DIY Cuticle Remover – Cuticle Care Guide

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When you visit your favorite nail salon, the technician always starts the process by cleaning up your nails before applying any tips, forms, acrylics, gels, or polish.

Clean nails that are free from hanging dead skin or rough edges are the foundation that will eventually make your nails look Insta-worthy.

And pushing back your cuticles from the nail bed will be part of this cleaning-up process. This is something that you can — and should — do for yourself at home, especially if you don’t have the time to head to the nail salon every week.

Read on to discover some DIY cuticle remover techniques…


What Are Cuticles, Exactly?

Cuticles are basically ‘dead’ flakey skin tissue that has the job of forming a seal between the nail bed and surrounding skin, which is known as the eponychium.

They are a very important part of the nail.

If they didn’t serve a purpose, they simply wouldn’t exist!

Cuticles protect new nail growth from attracting any dirt, bacteria or fungus as the nail grows out from the nail bed.

This means taking care of your cuticles is an important part of your overall nail health.

Overgrown cuticles can cause problems. If they’re left to overgrow, they can become dry and split.

This would allow dirt to get in and have the potential of causing infection and damage to the eponychium and the nail itself.

Most cuticle damage, however, happens because they become dry.

So if your body is dehydrated from lack of water, you wash your hands frequently with soaps that are too harsh for your skin, or you live somewhere with extremes in cold weather, then your cuticles will probably also be dry and flaky.

Why Remove The Cuticles?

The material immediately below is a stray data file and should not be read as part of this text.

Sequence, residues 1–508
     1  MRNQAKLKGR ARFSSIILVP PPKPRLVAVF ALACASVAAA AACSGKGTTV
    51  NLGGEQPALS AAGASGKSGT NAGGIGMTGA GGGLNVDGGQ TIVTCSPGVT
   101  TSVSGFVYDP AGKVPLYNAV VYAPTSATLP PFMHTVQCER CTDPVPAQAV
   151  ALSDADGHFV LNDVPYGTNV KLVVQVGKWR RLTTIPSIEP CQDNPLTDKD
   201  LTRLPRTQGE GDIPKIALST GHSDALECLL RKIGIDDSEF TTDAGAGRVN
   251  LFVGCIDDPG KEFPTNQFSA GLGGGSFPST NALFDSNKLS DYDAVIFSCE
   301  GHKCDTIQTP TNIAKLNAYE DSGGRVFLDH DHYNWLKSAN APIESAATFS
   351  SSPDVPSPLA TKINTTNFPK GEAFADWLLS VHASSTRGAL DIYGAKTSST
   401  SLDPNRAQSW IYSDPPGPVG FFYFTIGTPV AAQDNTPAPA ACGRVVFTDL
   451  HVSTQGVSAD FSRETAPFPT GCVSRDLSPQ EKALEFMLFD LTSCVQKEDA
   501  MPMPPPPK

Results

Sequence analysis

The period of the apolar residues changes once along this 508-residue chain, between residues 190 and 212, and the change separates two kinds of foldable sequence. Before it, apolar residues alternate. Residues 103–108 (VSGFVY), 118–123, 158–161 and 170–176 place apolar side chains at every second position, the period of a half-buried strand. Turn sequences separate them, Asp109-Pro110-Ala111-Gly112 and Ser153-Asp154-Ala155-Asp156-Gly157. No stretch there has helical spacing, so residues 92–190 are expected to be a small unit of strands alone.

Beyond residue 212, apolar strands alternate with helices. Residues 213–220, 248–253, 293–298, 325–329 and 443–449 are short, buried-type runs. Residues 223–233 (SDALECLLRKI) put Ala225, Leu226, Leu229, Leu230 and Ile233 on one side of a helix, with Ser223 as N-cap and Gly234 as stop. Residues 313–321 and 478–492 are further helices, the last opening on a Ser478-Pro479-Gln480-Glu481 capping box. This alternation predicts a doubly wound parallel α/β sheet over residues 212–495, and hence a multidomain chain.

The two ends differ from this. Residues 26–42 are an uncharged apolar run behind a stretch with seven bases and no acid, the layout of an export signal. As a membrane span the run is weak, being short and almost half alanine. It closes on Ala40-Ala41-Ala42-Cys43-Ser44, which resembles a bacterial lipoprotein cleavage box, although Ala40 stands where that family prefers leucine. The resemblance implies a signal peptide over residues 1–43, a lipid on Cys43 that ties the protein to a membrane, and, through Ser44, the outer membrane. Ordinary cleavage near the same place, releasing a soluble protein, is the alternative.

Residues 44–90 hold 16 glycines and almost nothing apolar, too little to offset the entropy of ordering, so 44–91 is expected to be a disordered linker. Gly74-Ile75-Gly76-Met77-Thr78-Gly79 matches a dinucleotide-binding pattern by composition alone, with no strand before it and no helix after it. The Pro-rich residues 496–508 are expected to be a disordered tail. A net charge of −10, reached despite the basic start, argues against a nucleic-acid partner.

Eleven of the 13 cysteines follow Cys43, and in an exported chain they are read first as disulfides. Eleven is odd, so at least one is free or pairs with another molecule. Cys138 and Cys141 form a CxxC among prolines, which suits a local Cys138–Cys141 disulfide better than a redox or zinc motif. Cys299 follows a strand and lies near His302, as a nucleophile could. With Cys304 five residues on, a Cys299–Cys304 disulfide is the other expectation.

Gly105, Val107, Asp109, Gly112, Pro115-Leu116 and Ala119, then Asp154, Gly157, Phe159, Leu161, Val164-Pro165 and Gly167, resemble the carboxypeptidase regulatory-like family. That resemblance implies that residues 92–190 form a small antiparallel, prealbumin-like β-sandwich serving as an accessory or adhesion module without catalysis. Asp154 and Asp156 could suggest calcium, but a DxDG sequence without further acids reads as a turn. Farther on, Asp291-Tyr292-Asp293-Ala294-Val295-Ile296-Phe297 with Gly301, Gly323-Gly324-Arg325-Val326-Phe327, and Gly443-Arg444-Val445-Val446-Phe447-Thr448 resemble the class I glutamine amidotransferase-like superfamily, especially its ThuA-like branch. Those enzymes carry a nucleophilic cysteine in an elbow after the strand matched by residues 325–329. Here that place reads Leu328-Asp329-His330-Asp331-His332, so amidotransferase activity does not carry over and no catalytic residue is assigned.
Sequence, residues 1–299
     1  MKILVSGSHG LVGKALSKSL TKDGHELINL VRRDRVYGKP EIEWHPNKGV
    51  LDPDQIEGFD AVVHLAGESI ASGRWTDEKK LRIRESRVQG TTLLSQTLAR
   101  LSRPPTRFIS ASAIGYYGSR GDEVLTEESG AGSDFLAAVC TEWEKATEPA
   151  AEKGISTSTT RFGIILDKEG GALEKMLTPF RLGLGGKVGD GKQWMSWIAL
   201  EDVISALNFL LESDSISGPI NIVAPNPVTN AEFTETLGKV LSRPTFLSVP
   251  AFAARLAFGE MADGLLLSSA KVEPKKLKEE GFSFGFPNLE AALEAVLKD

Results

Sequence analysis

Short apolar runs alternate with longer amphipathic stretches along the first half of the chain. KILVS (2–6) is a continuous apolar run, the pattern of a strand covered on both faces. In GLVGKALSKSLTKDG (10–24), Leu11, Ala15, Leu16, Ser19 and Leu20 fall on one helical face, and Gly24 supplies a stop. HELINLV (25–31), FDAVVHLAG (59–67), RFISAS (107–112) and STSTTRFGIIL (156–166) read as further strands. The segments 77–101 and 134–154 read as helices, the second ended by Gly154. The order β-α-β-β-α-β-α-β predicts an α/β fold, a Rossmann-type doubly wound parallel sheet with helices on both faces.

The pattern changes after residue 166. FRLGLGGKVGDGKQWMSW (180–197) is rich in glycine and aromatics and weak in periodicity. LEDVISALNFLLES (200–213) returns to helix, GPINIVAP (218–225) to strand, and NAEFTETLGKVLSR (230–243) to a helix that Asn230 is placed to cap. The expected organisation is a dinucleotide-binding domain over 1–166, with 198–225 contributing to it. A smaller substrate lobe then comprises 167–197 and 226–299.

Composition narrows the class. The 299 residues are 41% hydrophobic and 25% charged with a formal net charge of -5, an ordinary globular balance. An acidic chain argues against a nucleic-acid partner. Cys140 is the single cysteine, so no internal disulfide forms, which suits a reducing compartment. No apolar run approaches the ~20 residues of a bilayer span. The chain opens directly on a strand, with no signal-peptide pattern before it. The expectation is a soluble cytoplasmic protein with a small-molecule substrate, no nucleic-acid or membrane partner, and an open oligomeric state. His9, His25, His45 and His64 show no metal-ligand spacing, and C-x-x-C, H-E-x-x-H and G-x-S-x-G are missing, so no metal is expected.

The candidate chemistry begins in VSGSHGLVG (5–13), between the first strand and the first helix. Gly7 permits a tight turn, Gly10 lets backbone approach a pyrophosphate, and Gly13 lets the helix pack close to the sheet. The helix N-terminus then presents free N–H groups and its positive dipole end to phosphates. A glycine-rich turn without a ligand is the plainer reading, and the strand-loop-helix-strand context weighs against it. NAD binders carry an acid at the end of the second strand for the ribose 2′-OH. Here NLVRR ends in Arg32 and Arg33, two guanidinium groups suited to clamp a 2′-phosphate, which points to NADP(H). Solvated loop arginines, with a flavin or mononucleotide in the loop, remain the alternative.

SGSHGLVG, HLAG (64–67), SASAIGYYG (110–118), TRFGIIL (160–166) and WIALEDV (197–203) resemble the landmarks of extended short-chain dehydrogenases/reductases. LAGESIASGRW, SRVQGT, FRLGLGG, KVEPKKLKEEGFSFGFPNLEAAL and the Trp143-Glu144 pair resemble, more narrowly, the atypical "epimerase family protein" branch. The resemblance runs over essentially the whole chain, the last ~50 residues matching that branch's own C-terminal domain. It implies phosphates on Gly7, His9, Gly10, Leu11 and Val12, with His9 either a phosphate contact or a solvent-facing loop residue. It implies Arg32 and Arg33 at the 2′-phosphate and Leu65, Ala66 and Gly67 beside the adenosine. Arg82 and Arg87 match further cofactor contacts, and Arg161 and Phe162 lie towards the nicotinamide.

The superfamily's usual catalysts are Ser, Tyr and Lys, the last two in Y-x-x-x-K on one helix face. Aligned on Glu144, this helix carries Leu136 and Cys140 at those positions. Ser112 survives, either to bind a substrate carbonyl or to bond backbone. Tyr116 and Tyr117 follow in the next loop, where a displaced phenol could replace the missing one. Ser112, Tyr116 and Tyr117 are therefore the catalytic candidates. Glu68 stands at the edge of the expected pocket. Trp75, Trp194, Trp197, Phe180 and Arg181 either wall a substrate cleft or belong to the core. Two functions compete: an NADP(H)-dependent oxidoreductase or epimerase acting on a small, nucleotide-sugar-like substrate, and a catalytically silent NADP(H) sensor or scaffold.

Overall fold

Red and black art design on nails. Isolated.

This is where it gets controversial.

Many nail technicians don’t know that the cutting of cuticles is illegal in some states, including New York, where it is considered a surgical procedure.

Cuticle cutting is also not advised by dermatologists

If you cut your cuticles, then over time this can make the eponychium grow back much thicker and faster, as it works to defend the nail bed from attack.

This will eventually create more scar tissue, as anyone who is a persistent nail-biter can attest to.

The eponychium is more prominent on damaged nails, and so to make them more aesthetically pleasing, many nail technicians will quite often remove the thickened skin. 

And if the tools that are used to do the cutting aren’t properly sanitized, which happens more often than you’d like to believe, then this can be a source of infection and cause even more damage to the skin and nail bed. 

So basically, just because it might look good, removal of the cuticles is purely an esthetic procedure that isn’t worth sacrificing your nail health for.

Removing the cuticles is not necessary and can even be dangerous. 

Removing the cuticles is not necessary and can even be dangerous. 

Also, the main ingredients contained in most cuticle removers on the market are potassium hydroxide and sodium hydroxide. These are strong alkaline chemicals that cause corrosion and will basically irritate, burn and eventually injure the surrounding skin tissue.